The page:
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Meet Nadine Kohler of Seabury School

Nadine Kohler is the Director of Institutional Advancement at Seabury School. Seabury is the only independent school in the South Puget Sound area with programs designed for intellectually advanced children in pre-k - 8th grade. Nadine sat down with us to chat about what it means to have a gifted child, how they approach education at Seabury School, and how to determine if it's time to seek a new approach to learning with your kiddo. We are huge fans of the mission at Seabury School and we are thrilled that they have planted their roots and flourished in the South Sound.

Learn more about Seabury School

 

We all want our children to have the best possible opportunities to learn and succeed in life. 

Finding a school that fits each child's unique needs plays a crucial part in that long-term success and happiness. 

 

Traditional schools do their very best to accommodate the educational needs of each child, but oftentimes end up offering a “one size fits most” curriculum due to large class sizes and limited resources. This can leave gifted children feeling lost and unfulfilled. 

This is because teachers typically do not have the training or expertise in the unique needs of gifted students or a full understanding of how best to motivate and support a gifted child. 

Enter Seabury School. 

Seabury School is the only independent school in the South Sound with programs specifically designed for gifted students from Pre-K-8th grade.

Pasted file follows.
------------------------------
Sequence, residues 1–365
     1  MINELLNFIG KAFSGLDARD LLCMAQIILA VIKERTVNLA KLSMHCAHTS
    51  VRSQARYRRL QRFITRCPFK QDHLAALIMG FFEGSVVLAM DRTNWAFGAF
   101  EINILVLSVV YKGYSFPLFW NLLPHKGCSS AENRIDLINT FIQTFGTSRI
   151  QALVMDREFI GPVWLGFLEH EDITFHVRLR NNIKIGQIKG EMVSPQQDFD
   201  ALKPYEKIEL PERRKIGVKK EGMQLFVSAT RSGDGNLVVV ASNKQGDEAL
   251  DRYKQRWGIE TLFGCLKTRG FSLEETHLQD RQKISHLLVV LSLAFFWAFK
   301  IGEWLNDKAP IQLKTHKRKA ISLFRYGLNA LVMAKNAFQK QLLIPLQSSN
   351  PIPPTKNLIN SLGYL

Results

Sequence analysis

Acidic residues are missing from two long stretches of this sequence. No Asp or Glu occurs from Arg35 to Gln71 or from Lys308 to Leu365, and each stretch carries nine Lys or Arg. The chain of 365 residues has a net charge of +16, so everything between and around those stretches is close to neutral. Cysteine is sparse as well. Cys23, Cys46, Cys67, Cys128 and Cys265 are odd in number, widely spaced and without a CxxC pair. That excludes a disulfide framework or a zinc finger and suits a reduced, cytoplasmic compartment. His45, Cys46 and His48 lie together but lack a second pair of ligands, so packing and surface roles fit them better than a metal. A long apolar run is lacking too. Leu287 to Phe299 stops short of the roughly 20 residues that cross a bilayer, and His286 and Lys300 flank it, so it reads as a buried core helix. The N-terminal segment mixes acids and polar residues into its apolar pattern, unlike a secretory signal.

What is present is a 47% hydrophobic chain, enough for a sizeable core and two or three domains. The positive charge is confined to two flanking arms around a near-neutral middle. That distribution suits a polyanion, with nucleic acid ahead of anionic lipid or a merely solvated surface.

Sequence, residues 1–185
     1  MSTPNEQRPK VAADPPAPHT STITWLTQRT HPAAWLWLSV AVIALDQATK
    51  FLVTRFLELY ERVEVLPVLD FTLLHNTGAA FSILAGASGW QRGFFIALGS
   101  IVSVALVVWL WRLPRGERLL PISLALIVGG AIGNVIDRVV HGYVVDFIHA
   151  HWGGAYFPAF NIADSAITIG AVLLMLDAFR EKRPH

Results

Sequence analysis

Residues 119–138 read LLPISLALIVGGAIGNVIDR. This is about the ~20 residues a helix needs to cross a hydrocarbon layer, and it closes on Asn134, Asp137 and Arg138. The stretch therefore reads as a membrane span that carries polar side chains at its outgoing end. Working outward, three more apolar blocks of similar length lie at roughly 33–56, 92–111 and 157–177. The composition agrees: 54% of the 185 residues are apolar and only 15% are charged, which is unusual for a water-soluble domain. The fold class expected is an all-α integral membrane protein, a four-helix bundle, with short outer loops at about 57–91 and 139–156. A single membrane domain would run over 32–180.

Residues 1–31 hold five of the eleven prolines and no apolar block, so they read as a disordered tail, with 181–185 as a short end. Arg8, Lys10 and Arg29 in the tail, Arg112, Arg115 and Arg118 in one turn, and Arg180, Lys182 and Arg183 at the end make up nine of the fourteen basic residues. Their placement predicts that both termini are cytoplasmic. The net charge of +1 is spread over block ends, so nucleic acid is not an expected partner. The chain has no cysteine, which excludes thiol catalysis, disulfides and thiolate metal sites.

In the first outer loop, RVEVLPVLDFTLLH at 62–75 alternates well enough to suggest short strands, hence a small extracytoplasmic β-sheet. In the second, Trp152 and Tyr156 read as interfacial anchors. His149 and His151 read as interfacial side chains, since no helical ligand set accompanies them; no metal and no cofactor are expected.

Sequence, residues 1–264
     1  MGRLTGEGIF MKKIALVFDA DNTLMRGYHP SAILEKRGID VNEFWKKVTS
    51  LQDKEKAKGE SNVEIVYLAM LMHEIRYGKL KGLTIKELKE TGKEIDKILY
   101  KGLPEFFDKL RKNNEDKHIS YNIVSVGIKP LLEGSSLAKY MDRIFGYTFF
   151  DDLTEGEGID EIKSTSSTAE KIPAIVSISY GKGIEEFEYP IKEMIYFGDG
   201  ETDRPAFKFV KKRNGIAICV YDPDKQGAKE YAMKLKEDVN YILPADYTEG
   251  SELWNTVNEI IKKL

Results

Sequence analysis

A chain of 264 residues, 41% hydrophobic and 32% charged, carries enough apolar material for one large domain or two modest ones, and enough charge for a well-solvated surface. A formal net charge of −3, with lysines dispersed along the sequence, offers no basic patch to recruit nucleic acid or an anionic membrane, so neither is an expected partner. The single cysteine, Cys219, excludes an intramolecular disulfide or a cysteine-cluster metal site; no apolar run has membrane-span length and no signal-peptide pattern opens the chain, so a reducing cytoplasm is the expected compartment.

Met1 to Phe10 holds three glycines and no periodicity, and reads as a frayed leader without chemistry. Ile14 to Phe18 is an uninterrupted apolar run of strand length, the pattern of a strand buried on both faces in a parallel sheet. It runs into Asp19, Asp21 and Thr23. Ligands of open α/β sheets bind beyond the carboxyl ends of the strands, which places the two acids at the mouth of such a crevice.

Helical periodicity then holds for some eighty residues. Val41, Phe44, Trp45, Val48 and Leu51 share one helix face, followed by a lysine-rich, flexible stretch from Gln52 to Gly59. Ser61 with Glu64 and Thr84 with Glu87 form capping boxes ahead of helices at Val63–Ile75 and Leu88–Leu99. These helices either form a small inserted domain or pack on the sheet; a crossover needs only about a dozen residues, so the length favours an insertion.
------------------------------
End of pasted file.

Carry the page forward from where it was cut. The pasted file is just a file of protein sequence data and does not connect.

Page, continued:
So, what does “gifted” really mean?

Seabury’s favorite definition of giftedness is “a greater awareness, a greater sensitivity, and a greater ability to understand and to transform perceptions into intellectual and emotional experiences.”

Nadine Kohler, the director of institutional advancement at Seabury, explained that the term gifted can feel elitist and awkward for some parents, but it shouldn’t be taken that way at all. 

Gifted children are not better or more special than other children. The students at Seabury simply learn differently and need a school that allows them to learn something new every day.

In fact, giftedness doesn’t mean that they are developmentally advanced across the board. “They may have an area of strength that they just excel in, because their brain is wired in a way to understand that concept better. But then they may also have some actual struggles.” 

One of the most common questions asked at Seabury School is: “How do I know if my child is gifted/intellectually advanced?”  

Every gifted child will have their own unique experience and circumstances for seeking out a new learning environment, and the common signs of giftedness differ depending on the age of the child. Nadine laid out a few examples she has seen from Seabury students prior to enrollment.

For Seabury’s youngest students: “They'll oftentimes have complicated conversations with adults that are more relaxed than most kids. They'll be able to answer questions with adults in a way that sometimes is surprising and at that age, it's often humorous, and sometimes they can, they can understand the humor. When your two or three-year-old that is verbal starts to do those sorts of things, that's an indicator for sure that they may need a program that's for kids who can excel.”